CES units were becoming more widely used in pain clinics at the dawning of the 21st century. The clinics typically do not wait for pain studies to be completed, but simply try CES with their patients to see what effect they can observe, then compare it with their historical experience with those same types of patients. A typical such clinic is one just outside Dallas, Texas. A nursing assistant puts CES electrodes on patients as they enter the waiting room to await their turn with physicians or other therapists. The wait can vary from a few minutes to a half hour, depending on the patient load at a given time. The patients complete a 10 point self rated pain score prior to receiving CES. When they are called into treatment by the treatment staff, the CES is removed, the amount of time they were on the device is recorded, as a post CES self rated pain score if obtained.
The clinic has become so enthusiastic about the results, that this protocol has become a permanent part of their core treatment program. They now enthusiastically prescribe CES home units for their large number of patients who now request them, and the staff reports their clinic is much more effectively treating chronic pain than they were previously.
Pain clinic treatment results have been published, however. An interesting CES study was completed in a pain clinic near Bombay, India, in 2001. It was an open clinical trial of CES, used alone as a treatment of pain patients who had been refractory to all other previous efforts of treatment of their pain at the clinic. They were given CES treatments one hour per day, 5 days a week, for three weeks. They were asked to rate their pain level on a VAS scale of 0 to 10, with 10 being the most intense pain. Following treatment their mean self reported pain level had been reduced by 62%. Analyzing the data for individual patients it was found that 15% of the patients did not respond to the treatment, 30% gained total relief, while the remainder of the patients claimed significant relief ranging from 33% to 94%.
The Treatment of Fibromyalgia with Cranial Electrotherapy Stimulation.
In cranial electrotherapy stimulation (CES), microcurrent levels of electrical stimulation are passed across the head via electrodes clipped to the ear lobes. After successful clinical use of CES with fibromyalgia patients in our clinic, it was decided to test these results with a double-blind, placebo-controlled study in which 60 randomly assigned patients were given 3 weeks of 1-hour-daily CES treatments, sham CES treatments, or were held as wait-in-line controls for any placebo effect in the sham-treated patients.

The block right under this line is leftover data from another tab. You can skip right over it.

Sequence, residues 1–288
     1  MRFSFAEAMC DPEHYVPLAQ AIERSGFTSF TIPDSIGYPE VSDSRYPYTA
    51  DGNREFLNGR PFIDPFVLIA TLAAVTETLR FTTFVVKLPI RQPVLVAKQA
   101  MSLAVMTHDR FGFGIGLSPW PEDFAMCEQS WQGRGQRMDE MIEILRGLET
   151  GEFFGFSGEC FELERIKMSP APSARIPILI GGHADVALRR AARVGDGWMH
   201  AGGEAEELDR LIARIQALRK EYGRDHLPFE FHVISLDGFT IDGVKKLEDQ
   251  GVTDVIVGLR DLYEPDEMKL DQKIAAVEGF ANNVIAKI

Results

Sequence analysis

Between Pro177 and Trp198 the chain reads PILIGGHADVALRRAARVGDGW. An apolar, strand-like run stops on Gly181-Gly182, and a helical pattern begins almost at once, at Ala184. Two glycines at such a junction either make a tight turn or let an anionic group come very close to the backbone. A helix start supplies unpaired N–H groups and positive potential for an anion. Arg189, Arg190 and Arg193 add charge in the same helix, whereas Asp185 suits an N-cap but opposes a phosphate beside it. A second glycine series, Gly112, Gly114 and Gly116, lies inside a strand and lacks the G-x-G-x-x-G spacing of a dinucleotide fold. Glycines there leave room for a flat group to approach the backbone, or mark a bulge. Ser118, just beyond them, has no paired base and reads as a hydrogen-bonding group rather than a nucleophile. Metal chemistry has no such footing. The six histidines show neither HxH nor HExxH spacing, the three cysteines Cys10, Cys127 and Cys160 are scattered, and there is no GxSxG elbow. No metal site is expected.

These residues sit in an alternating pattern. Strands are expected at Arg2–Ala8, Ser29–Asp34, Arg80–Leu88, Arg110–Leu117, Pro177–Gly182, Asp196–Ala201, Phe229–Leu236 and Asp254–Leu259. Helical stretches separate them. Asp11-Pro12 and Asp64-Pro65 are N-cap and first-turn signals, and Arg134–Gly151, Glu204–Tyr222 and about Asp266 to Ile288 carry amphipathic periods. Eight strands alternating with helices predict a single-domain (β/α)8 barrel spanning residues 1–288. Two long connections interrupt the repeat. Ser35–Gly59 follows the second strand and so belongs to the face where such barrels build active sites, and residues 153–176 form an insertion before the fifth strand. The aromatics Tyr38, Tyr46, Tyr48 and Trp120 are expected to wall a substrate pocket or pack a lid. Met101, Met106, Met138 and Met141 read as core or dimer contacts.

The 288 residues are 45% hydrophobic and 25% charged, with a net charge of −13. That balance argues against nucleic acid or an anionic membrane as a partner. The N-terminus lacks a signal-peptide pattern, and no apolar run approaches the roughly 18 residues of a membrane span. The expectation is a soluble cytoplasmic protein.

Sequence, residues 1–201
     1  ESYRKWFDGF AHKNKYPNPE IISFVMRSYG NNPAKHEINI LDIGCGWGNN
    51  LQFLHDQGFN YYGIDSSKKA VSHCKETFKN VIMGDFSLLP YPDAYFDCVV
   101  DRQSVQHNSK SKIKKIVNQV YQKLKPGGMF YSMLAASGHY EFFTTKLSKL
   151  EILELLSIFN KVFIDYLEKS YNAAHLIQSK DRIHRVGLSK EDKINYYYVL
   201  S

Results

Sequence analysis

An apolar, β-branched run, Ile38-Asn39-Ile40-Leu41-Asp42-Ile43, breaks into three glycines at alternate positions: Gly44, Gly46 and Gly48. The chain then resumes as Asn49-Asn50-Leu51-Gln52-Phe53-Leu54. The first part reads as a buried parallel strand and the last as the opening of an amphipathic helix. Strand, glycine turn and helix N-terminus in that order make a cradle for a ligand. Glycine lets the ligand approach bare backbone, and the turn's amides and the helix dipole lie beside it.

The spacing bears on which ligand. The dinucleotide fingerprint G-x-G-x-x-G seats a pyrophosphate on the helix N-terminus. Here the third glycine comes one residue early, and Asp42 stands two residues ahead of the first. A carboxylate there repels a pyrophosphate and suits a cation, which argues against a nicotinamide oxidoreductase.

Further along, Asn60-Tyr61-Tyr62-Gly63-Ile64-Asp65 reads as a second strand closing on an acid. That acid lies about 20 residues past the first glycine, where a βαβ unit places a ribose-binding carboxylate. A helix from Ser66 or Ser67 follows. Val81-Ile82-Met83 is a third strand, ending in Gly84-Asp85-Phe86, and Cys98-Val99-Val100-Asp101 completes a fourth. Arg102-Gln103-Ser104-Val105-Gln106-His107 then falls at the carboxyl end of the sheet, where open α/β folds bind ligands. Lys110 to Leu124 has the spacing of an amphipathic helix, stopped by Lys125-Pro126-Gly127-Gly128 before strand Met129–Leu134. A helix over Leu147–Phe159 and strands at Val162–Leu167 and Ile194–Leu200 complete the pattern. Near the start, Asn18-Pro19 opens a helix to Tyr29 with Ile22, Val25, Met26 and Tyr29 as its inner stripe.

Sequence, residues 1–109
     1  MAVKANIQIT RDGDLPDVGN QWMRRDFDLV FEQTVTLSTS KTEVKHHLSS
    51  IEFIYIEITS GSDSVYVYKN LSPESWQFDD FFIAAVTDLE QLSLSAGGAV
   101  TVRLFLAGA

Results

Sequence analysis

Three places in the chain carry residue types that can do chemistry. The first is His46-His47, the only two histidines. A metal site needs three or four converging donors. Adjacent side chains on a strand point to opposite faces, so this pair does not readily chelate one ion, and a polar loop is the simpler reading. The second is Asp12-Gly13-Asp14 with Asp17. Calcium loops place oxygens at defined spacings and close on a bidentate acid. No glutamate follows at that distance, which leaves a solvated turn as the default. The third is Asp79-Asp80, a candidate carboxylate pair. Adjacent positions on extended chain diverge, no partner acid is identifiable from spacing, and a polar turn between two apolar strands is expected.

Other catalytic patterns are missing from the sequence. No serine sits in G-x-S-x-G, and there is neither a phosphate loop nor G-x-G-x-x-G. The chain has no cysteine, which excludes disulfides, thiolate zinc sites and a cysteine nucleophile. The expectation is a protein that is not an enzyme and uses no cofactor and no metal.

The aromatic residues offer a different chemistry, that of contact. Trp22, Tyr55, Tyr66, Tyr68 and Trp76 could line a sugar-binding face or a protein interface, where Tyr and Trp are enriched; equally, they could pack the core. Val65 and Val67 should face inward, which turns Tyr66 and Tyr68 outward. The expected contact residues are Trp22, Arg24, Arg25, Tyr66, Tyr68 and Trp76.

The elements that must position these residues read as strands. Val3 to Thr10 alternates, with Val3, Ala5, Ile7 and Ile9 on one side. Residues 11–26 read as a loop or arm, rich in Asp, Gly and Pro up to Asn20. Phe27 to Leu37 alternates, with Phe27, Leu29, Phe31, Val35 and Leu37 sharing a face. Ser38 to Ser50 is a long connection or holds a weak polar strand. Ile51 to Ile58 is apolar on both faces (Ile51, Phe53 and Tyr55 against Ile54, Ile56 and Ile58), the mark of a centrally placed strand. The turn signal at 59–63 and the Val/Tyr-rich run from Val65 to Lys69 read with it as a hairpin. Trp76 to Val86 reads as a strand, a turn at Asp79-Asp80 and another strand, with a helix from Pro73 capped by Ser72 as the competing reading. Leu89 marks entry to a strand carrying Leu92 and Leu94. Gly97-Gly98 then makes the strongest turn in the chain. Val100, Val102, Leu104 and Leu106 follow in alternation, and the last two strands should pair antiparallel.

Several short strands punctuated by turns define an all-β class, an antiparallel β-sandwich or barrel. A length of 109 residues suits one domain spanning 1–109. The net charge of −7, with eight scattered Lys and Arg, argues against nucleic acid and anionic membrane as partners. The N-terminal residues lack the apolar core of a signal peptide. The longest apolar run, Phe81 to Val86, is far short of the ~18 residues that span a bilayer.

Treated patients showed a 28% improvement in tender point scores, and a 27% improvement in self-rated scores of general pain level. The number of subjects rating their quality of sleep as poor dropped from 60% at the beginning of the study to 5%. In addition, there were significant gains in the self-rated feelings of well-being and quality of life, plus gains in six stress-related psychological test measures. No placebo effect was found among the sham-treated controls. A theoretical role of CES in affecting the brain’s pain message mechanisms and/or neurohormonal control systems is discussed. It is concluded that CES is as effective as the drug therapies in several trials, with no negative side effects, and deserves further consideration as an additional agent for the treatment of fibromyalgia.
From JCR: Journal of Clinical Rheumatology: April 2001 – Volume 7 – Issue 2 – pp 72-78
In the last decade of the 20th century, several well controlled, double blind studies sought to discover what, if anything CES treatment could do to alleviate the sometimes intractable pain of fibromyalgia. It was found that Patients given CES treatment reported the same reduction in tender point pain and self-rated overall pain level that they reported when treated with multiple medications, but without any of the negative side effects or great financial outlay.
Another study found a 29% reduction in the pain of patients suffering from multiple sclerosis following four weeks of daily CES treatment. Serendipitously, it was also found that they experienced a 40% reduction in their fatigue score, a 45% reduction in self-reported sensory deficits, a 50% reduction in their MS related vision problems and a 53% reduction in problems with spasticity.
Other studies have found CES clinically effective in reducing pain in spinal chord injury patients, in patients suffering from full body reflex sympathetic dystrophy, and in general dentistry.
More dramatically, following the terrorists’ bombing of New York skyscrapers and the Pentagon in Washington, D.C., it was found that the level of pain in chronic pain patients being treated in three widely dispersed sites in the U.S. increased 17% in male patients and 47% in female patients when the bombing occurred between pain clinic visits. Subsequent visits to the same pain clinics showed that there was a lag in pain response to treatment following that stressful event, with men improving only 3% on subsequent treatment visits and women still suffering 34% more pain on subsequent treatment visits than they did prior to the stressful event. (The authors noted that females are known to respond more dramatically to stress related pain, such as in the post traumatic stress disorder (PTSD), than do males.)